Ghost Town Archives | HistoryNet MENU

Ghost Town

  • Wild West Magazine

    Ghost Town: Tuscarora, Nevada

    In 1867 a prospecting party including brothers Steve and John Beard discovered gold 6,200 feet above sea level in the Goose Creek range of northeastern Nevada. Placer mining for gold on Beard Hill—to the tune of $12 per miner per...

  • Wild West Magazine

    Ghost Town: South Pass City, Wyoming

    Prospectors were panning gold from the Sweetwater near South Pass (in present-day Wyoming) as early as 1842, but the first real rush came in 1865 when a detachment from Fort Bridger discovered gold in the Wind River Range. One soldier...

  • Wild West Magazine

    Ghost Town: Ironton, Colorado

    In August 1882, prospector John Robinson was hunting game on Red Mountain, Colo., to feed his partners when he found a large chunk of lead and silver ore. The partners’ subsequent Yankee Girl, Orphan Boy and Robinson claims, coupled with...

  • Wild West Magazine

    Ghost Town: Tinton, South Dakota

    Tinton is tucked in the rugged recesses of Spearfish Canyon, 13 miles due east of Deadwood. Its crumbling edifices belie a remarkably resilient mining town. Edgar St. John discovered ore there during the mid-1870s Black Hills Gold Rush....

  • Wild West Magazine

    Ghost Town: Canyon Diablo, Arizona

    In 1880 the Atlantic & Pacific Railroad began constructing a bridge over 250-foot-deep Canyon Diablo, midway between Winslow and Flagstaff. Financial difficulties halted the project, leaving an incomplete span at rail’s end. A town...

  • Wild West Magazine

    Ghost Town: Old Hachita, New Mexico

    Indians mined turquoise for centuries in the mountains in extreme southwestern New Mexico; the small knives and hatchets they left behind prompted the Spanish to name the range Hachita. American prospectors explored the area around 1875,...

  • Wild West Magazine

    Ghost Town: Castle, Montana

    In 1882 prospector Hanson H. Barnes found outcrops of silver and lead while roaming the southern flank of the Castle Mountains in Meagher County, Montana Territory. Two years later Barnes got around to recording his remote discoveries,...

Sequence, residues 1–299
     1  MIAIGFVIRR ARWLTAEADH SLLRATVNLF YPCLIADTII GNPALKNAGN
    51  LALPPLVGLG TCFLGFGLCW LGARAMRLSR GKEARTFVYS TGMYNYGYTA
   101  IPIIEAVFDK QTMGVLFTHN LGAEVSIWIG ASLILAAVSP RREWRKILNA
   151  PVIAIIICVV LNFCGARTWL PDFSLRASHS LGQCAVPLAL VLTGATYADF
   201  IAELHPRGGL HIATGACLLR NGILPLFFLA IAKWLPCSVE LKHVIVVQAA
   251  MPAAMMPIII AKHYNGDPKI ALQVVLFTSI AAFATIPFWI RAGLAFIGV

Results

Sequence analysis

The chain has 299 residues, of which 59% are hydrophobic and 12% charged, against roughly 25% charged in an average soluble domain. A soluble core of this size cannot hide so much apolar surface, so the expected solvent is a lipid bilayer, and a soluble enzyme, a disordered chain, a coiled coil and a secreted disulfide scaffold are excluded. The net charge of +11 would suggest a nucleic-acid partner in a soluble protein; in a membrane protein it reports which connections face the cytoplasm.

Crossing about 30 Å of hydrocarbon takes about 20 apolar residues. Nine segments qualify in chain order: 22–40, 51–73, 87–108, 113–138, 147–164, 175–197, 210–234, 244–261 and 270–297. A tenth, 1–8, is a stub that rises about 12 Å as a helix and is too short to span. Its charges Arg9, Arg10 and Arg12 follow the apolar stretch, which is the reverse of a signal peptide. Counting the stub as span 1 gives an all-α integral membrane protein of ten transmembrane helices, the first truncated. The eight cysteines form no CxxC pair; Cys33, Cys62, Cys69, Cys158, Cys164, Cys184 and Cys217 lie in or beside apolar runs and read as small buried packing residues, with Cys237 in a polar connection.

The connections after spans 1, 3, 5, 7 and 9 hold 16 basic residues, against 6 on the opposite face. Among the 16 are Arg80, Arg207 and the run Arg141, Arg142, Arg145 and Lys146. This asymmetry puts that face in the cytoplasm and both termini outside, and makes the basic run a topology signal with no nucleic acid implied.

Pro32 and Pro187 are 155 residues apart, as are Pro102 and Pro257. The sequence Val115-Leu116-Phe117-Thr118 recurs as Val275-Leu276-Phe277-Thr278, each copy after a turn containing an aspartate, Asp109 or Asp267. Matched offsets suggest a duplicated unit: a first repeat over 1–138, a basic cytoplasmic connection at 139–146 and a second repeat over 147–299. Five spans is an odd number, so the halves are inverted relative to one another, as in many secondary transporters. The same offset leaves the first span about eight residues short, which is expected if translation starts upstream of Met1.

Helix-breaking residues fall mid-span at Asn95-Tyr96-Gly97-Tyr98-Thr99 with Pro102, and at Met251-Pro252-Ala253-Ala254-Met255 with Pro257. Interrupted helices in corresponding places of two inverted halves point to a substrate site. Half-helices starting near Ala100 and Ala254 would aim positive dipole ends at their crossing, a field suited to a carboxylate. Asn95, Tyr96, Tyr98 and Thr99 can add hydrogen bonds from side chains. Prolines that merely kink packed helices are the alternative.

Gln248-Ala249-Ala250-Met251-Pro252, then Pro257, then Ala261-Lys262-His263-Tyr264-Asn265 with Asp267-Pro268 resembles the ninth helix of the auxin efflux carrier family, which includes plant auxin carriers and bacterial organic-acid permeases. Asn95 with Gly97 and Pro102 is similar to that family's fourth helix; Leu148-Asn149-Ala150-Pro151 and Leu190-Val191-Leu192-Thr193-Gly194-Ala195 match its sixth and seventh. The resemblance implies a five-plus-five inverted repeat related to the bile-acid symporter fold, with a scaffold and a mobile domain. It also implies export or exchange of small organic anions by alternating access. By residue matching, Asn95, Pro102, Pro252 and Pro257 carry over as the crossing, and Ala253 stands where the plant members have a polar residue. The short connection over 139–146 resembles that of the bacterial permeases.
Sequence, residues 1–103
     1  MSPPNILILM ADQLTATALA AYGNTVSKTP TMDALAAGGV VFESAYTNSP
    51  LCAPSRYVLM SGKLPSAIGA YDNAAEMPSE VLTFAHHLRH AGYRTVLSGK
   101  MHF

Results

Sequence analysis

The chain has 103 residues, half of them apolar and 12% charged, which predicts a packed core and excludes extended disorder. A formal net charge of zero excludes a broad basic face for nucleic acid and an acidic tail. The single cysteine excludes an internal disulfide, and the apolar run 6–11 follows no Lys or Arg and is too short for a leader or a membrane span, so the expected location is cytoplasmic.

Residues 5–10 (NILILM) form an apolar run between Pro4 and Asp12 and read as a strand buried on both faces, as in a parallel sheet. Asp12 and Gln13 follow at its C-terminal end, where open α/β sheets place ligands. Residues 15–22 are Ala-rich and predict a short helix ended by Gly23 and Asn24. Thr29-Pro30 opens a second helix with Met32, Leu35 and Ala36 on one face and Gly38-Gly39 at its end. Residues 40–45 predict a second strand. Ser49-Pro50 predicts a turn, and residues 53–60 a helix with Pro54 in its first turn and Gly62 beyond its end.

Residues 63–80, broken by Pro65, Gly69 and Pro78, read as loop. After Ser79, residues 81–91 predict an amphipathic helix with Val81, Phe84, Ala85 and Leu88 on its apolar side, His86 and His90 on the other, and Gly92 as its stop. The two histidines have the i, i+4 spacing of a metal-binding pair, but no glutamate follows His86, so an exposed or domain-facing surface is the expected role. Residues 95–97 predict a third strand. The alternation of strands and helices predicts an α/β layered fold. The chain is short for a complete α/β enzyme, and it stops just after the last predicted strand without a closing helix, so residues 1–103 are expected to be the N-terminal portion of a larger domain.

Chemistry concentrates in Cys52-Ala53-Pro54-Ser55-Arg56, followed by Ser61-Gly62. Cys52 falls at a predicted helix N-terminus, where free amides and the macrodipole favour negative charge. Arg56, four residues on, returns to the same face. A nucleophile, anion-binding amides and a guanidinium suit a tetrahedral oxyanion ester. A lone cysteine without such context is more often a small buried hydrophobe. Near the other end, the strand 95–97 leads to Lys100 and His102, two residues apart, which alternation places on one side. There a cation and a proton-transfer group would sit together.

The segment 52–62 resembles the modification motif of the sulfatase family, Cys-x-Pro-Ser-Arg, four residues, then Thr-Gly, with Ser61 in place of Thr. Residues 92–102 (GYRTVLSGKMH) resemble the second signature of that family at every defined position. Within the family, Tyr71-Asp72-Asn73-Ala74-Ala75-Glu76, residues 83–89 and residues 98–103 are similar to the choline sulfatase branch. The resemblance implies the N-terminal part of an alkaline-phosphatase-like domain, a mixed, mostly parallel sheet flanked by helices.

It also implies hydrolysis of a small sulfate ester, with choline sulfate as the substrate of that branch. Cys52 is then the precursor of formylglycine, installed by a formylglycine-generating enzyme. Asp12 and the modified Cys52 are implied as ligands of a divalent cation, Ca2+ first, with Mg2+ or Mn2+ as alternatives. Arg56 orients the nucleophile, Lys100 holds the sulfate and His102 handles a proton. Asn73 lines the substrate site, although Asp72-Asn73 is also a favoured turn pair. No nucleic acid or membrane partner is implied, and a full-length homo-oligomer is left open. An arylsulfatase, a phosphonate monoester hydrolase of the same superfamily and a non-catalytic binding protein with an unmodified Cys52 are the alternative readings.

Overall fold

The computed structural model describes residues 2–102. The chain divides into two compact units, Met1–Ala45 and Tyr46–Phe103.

• Wild West Magazine

    Ghost Town: Mondak, Montana/North Dakota

    Most Western boomtowns depended on mining, but Mondak—platted in 1903 on the border between “dry” North Dakota and “wet” Montana—was a liquor town. Its Montana saloons existed to separate booze-thirsty North Dakotans from their...

  • Wild West Magazine

    Ghost Town: Tybo, Nevada

    Tybo sits on the eastern slope of the Hot Creek Range in Nye County, Nevada. Shoshone Indians alerted whites to canyon-side silver veins in 1866. In 1870 James W. Gally and M.V.B. Gillett claimed the main silver lode, which became the...

  • Wild West Magazine

    Ghost Towns: Alta, Colorado

    Pat Cullen, Frank Dimik and Thomas Knott discovered the Alta vein in Gold King Basin in 1877, and Jack Mann hit the Gold King the next year. The mines yielded gold, silver, copper and lead— seasonally at first due to heavy snow at their...

  • Wild West Magazine

    Ghost Towns: Ruby, Arizona

    In the early 1850s, American prospectors found the ruins of old Mexican mining camps in what became the Oro Blanco (“white gold”) Mining District in southernmost central Arizona. In the early years, Apache attacks were frequent and...

  • Wild West Magazine

    Ghost Towns: Schellbourne, Nevada

    In 1859 the Pony Express built a station on Schell Creek in central Utah Territory (present-day Nevada). In June 1860, after raiding Paiute Indians killed the stationmaster and two attendants, the Army established a post (later named Fort...

  • Wild West Magazine

    Ghost Town: Harshaw to Lochiel, Arizona

    In 1539 Franciscan friar Marcos de Niza set out to explore the region north of Sonora, Mexico, fabled to contain untold riches. Fray Marcos found no gold, but he is credited with being the first European to set foot on U.S. soil west of...

  • Wild West Magazine

    Ghost Town: Shakespeare, New Mexico

    A spring in an arroyo near New Mexico’s Pyramid Mountains brought Apaches, Mexicans and Americans to what would become Shakespeare. Dubbed Mexican Spring by whites, in 1856 it became a stop on an alternate route of the early San Antonio...

  • Wild West Magazine

    Ghost Town: Silver Reef, Utah

    One night in 1866, the story goes, prospector John Kemple sought shelter with a Mormon family in Leeds, southwest Utah Territory. Sitting by the evening fire, he noticed a metallic liquid dripping from a hot rock in the fireplace....

  • Wild West Magazine

    Ghost Town: Ashcroft, Colorado

    Prospectors Charles B. Culver and Amos Kindt spent the winter of 1879– 80 at the forks of Castle Creek, 12 miles south of Aspen in central Colorado’s Elk Mountains. In May 1880 Culver and William F. Coxhead filed claims in the area,...